Controlling multiple speed-independent stepper motors simultaneously with Arduino.

Many robotic projects require the control of multiples digital and discrete outputs to work simultaneously, the motor interfaces are not an exception due big robotic instrumentation used today, the widespread Arduino control interface has the ability to handle steppers motors even with its own reference function librarys, but when it comes to a much more basic type of control over multiple speed's motors some arrangements need to be done.

The basic operation of a stepper motor and its advantages like position control and torque holding make them a common choise on robotic and industrial aplications, however, the digital control of this kind of motors are no as simplest as regular DC machines and this instruments has not in built feedback interface. The control of this motors are given in at least two steps, the Micro Controller wich give the digital comunication and control interface and the Driver wich allow the controller to handle big power switching, commonly need it for this kind of motor.

DC brush motors rotate continuously when voltage is applied to their terminals. Stepper motors, on the other hand, effectively have multiple "toothed" electromagnets arranged around a central gear-shaped piece of iron. The electromagnets are energized by an external control circuit, such as a microcontroller. To make the motor shaft turn, first, one electromagnet is given power, which makes the gear's teeth magnetically attracted to the electromagnet's teeth. When the gear's teeth are aligned to the first electromagnet, they are slightly offset from the next electromagnet. So when the next electromagnet is turned on and the first is turned off, the gear rotates slightly to align with the next one, and from there the process is repeated. Each of those rotations is called a "step", with an integer number of steps making a full rotation. In that way, the motor can be turned by a precise angle.

The use use of multiple delay funtions on a single Arduino code means that the code has to hold the code until that conditions complay and then reasume the following code. This kind of control is the most basic and well known for controlling single speed motors, and it works pretty well, the delays set the rythm for the step shift perfectly. But when multiple motors have to be handle the use of delays over the processing code means that any step has to be preceded by the delay time of the previous motor need it to complete a step and even this way the switch for velocity means the use of diferent types of hold time.

The key to succesfully control any number of steppers its to program just ONE virtual motor that gives the rythm that any other will move, like in a car, the angular speed of the wheels its a relation of the actual angular speed of the motor by the use of a CLUTH. A virtual motor moving at the top speed, that will be the reference for the other two motors, this single virtual motor has it owns regular stepper function with a single delay (actually this delay its there for the correctly serial comunication flow), the other motors work on the relation named CLUTCH wich will geve them a fraction of the virtual top speed, this is done by counting the times that the virtual motor give a step and deciding how much of them will be ignored before making a single step with it.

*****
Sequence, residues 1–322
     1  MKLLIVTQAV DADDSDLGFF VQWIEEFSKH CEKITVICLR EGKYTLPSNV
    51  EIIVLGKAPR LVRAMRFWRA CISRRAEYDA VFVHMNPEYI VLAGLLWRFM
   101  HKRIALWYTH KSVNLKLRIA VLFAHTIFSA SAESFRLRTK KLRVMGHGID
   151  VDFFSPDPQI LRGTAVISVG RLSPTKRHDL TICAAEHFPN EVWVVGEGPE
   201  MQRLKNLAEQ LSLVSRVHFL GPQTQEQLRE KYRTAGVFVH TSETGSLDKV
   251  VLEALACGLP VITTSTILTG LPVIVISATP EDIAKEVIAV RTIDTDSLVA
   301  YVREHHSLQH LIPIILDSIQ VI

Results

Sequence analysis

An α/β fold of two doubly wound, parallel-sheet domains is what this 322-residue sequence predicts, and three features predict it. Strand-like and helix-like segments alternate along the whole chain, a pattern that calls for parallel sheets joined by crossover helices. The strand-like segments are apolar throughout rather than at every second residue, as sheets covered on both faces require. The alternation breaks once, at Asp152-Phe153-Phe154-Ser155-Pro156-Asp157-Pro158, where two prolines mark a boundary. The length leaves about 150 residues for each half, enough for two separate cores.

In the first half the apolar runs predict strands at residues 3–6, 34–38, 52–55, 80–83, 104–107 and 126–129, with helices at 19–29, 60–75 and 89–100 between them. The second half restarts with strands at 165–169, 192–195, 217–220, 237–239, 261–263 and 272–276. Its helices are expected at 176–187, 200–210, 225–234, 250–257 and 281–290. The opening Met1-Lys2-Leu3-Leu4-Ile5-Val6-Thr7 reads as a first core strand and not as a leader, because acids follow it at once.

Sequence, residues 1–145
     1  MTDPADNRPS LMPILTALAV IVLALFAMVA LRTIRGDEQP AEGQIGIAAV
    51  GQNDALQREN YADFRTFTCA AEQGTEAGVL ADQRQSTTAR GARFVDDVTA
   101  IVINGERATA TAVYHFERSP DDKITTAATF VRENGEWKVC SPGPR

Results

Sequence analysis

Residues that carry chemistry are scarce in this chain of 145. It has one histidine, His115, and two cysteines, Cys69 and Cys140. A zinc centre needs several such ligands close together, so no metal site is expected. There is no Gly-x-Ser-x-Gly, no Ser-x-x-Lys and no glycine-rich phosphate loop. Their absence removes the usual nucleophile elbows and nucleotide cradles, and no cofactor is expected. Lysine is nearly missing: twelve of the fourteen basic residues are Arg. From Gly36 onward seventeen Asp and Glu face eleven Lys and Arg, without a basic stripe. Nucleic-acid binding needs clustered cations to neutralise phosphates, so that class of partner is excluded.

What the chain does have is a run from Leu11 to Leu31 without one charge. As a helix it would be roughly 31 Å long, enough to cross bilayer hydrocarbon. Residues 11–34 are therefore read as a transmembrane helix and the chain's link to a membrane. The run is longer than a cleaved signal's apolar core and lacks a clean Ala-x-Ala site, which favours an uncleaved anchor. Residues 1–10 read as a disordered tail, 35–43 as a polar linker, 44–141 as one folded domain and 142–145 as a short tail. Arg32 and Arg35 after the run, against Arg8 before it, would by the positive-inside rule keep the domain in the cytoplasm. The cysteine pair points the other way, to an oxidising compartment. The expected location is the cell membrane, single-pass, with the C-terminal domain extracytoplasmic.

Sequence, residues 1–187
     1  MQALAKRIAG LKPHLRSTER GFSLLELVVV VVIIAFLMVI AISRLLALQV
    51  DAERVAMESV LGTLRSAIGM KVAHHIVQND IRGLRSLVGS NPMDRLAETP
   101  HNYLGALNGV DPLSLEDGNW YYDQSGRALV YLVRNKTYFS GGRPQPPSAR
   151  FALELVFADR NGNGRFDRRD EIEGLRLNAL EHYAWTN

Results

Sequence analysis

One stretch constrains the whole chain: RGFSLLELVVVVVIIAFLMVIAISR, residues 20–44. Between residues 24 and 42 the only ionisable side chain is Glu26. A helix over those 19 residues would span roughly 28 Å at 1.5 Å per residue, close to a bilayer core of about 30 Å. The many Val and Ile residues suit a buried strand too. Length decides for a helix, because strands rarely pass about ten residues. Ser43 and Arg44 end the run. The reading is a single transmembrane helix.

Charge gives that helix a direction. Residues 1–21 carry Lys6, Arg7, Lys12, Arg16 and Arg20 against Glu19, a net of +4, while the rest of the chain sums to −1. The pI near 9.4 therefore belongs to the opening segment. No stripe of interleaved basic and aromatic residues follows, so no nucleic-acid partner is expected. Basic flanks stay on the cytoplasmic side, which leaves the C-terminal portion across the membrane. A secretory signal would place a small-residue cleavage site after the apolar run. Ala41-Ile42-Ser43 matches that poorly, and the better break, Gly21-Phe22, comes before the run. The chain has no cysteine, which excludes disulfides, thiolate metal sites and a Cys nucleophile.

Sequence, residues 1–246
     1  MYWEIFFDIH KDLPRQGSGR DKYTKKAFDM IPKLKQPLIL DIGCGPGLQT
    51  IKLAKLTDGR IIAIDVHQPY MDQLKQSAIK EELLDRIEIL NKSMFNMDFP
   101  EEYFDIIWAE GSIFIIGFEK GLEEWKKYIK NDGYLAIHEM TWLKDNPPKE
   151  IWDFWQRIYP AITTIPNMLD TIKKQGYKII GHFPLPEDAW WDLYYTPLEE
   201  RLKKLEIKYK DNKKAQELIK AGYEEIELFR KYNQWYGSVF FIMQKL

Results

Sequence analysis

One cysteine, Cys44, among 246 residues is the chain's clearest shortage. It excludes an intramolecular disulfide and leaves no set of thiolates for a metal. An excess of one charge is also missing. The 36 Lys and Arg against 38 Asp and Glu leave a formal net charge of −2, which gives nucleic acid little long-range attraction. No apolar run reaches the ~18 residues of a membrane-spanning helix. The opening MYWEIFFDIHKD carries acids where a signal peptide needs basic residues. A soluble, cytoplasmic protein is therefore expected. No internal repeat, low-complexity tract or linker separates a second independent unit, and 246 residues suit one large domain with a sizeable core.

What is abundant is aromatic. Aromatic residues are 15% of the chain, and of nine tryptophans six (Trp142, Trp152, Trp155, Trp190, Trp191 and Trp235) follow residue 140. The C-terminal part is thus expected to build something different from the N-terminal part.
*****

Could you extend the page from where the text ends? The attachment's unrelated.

The CLUTH relation can be a single INT value, or a ecuation based on the time that the program has be running like int next example:




1 int m11 = 2; 39 timer1 = 0; 77 digitalWrite(m24, LOW);
2 int m12 = 3; 40 } 78 dm2 = 2;
3 int m13 = 4; 41 } 79 timer2 = 0;
4 int m14 = 5; 42 if (timer1 == clutch1) { 80 }
5 int m21 = 6; 43 if (dm1 == 2) { 81 }
6 int m22 = 7; 44 digitalWrite(m11, LOW); 82 if (timer2 == clutch2) {
7 int m23 = 8; 45 digitalWrite(m12, HIGH); 83 if (dm2 == 2) {
8 int m24 = 9; 46 digitalWrite(m13, LOW); 84 digitalWrite(m21, LOW);
9 int dm1 = 1; 47 digitalWrite(m14, LOW); 85 digitalWrite(m22, HIGH);
10 int dm2 = 1; 48 dm1 = 3; 86 digitalWrite(m23, LOW);
11 int timer1 = 0; 49 timer1 = 0; 87 digitalWrite(m24, LOW);
12 int timer2 = 0; 50 } 88 dm2 = 3;
13 int clutch1 = 2; 51 } 89 timer2 = 0;
14 int clutch2 = 2; 52 if (timer1 == clutch1) { 90 }
15 int time = 0; 53 if (dm1 == 3) { 91 }
16 int a = 0; 54 digitalWrite(m11, LOW); 92 if (timer2 == clutch2) {
17 void setup() { 55 digitalWrite(m12, LOW); 93 if (dm2 == 3) {
18 pinMode(m11, OUTPUT); 56 digitalWrite(m13, HIGH); 94 digitalWrite(m21, LOW);
19 pinMode(m12, OUTPUT); 57 digitalWrite(m14, LOW); 95 digitalWrite(m22, LOW);
20 pinMode(m13, OUTPUT); 58 dm1 = 4; 96 digitalWrite(m23, HIGH);
21 pinMode(m14, OUTPUT); 59 timer1 = 0; 97 digitalWrite(m24, LOW);
22 pinMode(m21, OUTPUT); 60 } 98 dm2 = 4;
23 pinMode(m22, OUTPUT); 61 } 99 timer2 = 0;
24 pinMode(m23, OUTPUT); 62 if (timer1 == clutch1) { 100 }
25 pinMode(m24, OUTPUT); 63 if (dm1 == 4) { 101 }
26 Serial.begin(9600); 64 digitalWrite(m11, LOW); 102 if (timer2 == clutch2) {
27 } 65 digitalWrite(m12, LOW); 103 if (dm2 == 4) {
28 void loop() { 66 digitalWrite(m13, LOW); 104 digitalWrite(m21, LOW);
29 a = int((sin(radians(time/12))+1)*5)+1; 67 digitalWrite(m14, HIGH); 105 digitalWrite(m22, LOW);
30 time = time+1; 68 dm1 = 1; 106 digitalWrite(m23, LOW);
31 clutch2 = 1+a; 69 timer1 = 0; 107 digitalWrite(m24, HIGH);
32 if (timer1 == clutch1) { 70 } 108 dm2 = 1;
33 if (dm1 == 1) { 71 } 109 timer2 = 0;
34 digitalWrite(m11, HIGH); 72 if (timer2 == clutch2) { 110 }
35 digitalWrite(m12, LOW); 73 if (dm2 == 1) { 111 }
36 digitalWrite(m13, LOW); 74 digitalWrite(m21, HIGH); 112 timer1 = timer1+1;
37 digitalWrite(m14, LOW); 75 digitalWrite(m22, LOW); 113 timer2 = timer2+1;
38 dm1 = 2; 76 digitalWrite(m23, LOW); 114 delay(3);




115 }